By Ciara LaVelle
By Jose D. Duran
By Kat Bein
By Juan Barquin
By Ciara LaVelle
By George Martinez
By Kat Bein
By Ciara LaVelle
Tramaine Berryhill's set for The Fannie Lou Hamer Story is a strange stars-and-stripes affair — all wood, all old-looking, all dusty. The designs are big and loud, but the colors are faded; it's the kind of structure out of which ghosts of old carnival barkers might step. The platforms upon which Hamer will stand are at weird angles to one another and connected by discreet staircases. Seeing the set and appreciating its oddness, you might hope Fannie Lou will be as haunted and surrealistic as The M Ensemble's last production, the devastating From the Mississippi Delta.
The expectation holds as the show begins, when actress/writer mZuri steps onto the stage looking like she's just been dragged from a coffin. This, she explains, is exactly what's happened: Fannie Lou has been brought back because she has something valuable to share. She probably would, too, if civil rights pioneers were in the business of coming back from the dead. Sadly, they're not. This is mZuri through and through, and mZuri is terrible. She's grim where she should be galvanizing, facile where she should be deep, wrong-headed a great deal of the time, and cursed with a delivery so plodding and dull she really does seem kind of dead.
Throughout Fannie Lou, there are tantalizing glimpses of the show that could have been: a straight bio of a fascinating woman, full of offbeat re-enactments of powerful moments from recent history that are already otherwise passing into academia or cliché.
This is the show Fannie Lou Hamer deserves, because she really is disappearing from the nation's collective memory. Hamer was born in Mississippi in 1917, the sharecropper daughter of sharecropper parents. Her life was difficult but largely uneventful until the age of 44, when she learned blacks had the constitutional right to vote. She had never voted because she had never registered, and she had never registered because of the same insidious, unofficial, and ubiquitous power structures that were designed to keep blacks disenfranchised all across the South. She marched to city hall to sign up, was arrested and beaten, and spent the rest of her life crusading for civil rights. She founded the Mississippi Freedom Democratic Party, scared the ever-living shit out of Lyndon B. Johnson, and got into a public row with Hubert Humphrey. She was brave, articulate, and by all accounts blessed with a powerful singing voice. She was also a batshit-crazy religious fundamentalist whose worldview was as misguided as her deeds were admirable. In terms of piety, she made MLK look like Christopher Hitchens.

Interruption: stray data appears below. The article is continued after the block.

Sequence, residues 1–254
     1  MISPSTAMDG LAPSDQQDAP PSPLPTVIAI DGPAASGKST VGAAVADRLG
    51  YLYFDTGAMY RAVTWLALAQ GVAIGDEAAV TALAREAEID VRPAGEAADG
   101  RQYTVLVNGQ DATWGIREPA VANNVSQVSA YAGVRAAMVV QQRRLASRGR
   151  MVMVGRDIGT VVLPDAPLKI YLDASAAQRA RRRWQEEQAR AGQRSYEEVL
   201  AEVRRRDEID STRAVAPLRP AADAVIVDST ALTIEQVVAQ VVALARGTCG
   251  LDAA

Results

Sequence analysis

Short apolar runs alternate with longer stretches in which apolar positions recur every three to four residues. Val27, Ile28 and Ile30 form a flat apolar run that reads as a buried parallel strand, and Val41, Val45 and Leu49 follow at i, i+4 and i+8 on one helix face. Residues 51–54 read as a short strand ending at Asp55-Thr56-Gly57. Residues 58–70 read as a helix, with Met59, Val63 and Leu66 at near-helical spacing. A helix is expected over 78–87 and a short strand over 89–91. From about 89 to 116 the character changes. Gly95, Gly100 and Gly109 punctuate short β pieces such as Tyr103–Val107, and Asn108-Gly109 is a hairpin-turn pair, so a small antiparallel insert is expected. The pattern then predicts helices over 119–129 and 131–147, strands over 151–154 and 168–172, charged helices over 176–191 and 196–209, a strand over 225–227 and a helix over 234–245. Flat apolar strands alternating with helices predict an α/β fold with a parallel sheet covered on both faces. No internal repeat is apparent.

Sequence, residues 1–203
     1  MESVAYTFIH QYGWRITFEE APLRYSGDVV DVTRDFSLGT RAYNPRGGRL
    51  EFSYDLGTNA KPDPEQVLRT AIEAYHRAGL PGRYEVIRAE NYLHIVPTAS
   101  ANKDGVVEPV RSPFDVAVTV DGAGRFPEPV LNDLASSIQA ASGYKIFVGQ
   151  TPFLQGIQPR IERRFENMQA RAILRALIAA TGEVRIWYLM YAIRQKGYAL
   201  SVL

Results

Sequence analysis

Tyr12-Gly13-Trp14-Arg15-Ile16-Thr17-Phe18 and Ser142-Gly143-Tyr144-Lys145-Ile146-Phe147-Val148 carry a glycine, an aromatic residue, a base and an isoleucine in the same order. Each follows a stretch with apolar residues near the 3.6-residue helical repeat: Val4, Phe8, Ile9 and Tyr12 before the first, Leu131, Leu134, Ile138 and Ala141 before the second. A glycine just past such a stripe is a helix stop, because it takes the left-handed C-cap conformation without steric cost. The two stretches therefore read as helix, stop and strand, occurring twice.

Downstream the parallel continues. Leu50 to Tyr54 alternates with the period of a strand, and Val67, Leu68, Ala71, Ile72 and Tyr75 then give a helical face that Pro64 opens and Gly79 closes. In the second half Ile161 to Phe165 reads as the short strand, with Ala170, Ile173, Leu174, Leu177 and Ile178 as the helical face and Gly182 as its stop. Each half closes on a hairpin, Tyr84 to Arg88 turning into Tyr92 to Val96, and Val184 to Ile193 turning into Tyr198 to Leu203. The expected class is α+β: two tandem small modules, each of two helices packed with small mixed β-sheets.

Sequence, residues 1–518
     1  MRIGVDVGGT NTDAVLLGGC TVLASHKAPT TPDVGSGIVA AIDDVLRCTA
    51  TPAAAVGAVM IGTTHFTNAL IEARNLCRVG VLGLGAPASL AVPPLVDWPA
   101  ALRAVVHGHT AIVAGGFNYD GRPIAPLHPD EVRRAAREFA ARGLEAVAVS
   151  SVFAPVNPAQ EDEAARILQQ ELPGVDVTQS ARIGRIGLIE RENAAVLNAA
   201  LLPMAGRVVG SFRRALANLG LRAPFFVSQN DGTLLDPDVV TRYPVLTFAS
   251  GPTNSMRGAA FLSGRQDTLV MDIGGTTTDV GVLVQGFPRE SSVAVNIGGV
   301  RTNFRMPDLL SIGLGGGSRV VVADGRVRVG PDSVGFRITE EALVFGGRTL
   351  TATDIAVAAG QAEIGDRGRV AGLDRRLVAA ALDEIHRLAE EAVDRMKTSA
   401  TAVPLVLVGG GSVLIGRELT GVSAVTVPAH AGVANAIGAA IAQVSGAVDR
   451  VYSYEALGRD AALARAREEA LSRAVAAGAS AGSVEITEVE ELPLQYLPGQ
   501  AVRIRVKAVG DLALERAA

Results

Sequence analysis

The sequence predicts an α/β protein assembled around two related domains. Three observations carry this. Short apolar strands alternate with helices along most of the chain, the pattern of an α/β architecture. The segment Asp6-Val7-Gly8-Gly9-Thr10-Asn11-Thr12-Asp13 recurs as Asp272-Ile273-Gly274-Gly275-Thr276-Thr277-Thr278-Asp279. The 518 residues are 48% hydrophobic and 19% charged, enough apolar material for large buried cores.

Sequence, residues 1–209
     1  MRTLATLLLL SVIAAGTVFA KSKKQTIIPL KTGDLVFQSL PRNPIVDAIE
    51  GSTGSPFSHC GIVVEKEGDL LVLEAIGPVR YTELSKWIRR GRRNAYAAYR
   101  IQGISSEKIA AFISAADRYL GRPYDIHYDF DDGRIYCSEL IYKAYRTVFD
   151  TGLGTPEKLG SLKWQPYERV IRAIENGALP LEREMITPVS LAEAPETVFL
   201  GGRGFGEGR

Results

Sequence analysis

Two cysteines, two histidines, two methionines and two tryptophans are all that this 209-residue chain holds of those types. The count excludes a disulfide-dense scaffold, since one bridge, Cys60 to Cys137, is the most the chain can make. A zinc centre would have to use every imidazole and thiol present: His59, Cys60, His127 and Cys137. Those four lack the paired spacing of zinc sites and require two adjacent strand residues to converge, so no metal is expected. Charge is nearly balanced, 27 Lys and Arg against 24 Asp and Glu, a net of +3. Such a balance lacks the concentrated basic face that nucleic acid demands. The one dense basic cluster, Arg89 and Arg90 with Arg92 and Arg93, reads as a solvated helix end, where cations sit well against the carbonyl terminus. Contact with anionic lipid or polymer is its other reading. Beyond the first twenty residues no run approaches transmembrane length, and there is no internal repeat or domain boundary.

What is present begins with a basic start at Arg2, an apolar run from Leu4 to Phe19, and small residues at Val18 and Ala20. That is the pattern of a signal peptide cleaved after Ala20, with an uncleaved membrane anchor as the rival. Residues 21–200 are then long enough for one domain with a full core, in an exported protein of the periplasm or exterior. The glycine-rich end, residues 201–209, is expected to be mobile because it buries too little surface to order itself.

This wouldn't be a problem if mZuri used her time onstage to reveal the good drama that lurks inside of every faithful biography, but mZuri is far too opinionated for that. Instead, she spends the majority of the show editorializing, instructing her audiences to take her ethical and spiritual advice out into the world and follow it to the letter. Channeling the silliest of Fannie Lou's words and precious few of her profound ones, mZuri credits the civil rights movement's successes to the Bible and blames slavery and racism on Biblical illiteracy.
Fannie Lou/mZuri is so god-crazy that anybody who knows better will have a hard time standing her. Early in the show, she asks, "Where does the Bible say, 'Let there be slaves'?" Well, if you must bring up the point, plenty of places — especially if your definition of slave extends to women who are "given" to their husbands and forced to do as they're told under pain of death. Even excluding women, as the Bible loves to do, one can't read too much of the Old Testament before stumbling upon injunctions like the one in Exodus 21:20-21, which says it's okay to beat your slaves to death, so long as it takes them a few days to die of their injuries.
You could forgive a slip like this one if it were an isolated incident, but it's not. Fannie Lou is filled to brimming with similar bullshit — much of which doesn't have anything to do with religion. Consider the moment when Fannie Lou/mZuri tell us that "men must make the decisions," or when she asserts that all humans descend from an African woman named Lucy. Lucy, please recall, was not a "woman" but an Australopithecus afarensis that lived more than three million years ago. The last common ancestor of today's humans lived roughly a million years later, and there is no evidence that any of Lucy's progeny survives today. If Fannie Lou ever said such a thing, mZuri should have struck it from the show; it serves no purpose, except to illustrate that one or both of the women never cracked a book about natural history.
Despite all of this, brief moments of light do peek through. Fannie's glowing description of her husband is both funny and relevant in a world of fractured families, and mZuri has a stunning voice. Occasionally she'll steer her monologue toward one or another venerable standard and redeem all the gracelessness of the rest of the show with an alto so sensual you can almost taste it. With that voice, she sings a dark, haunted "Strange Fruit" as powerful as any version I've ever heard.
If mZuri can't pull together a good bioplay after eight years of tinkering (Fannie Lou originally premiered in 2000, under a different title), perhaps she should consider doing a live song-cycle. You don't have to think too hard to create such a thing, and even if you fuck up — say, by mangling the words to "Battle Hymn of the Republic," as mZuri did the night I attended Fannie Lou — you don't run the risk of placing credit for the civil rights movement in the hands of an imaginary god instead of where it belongs.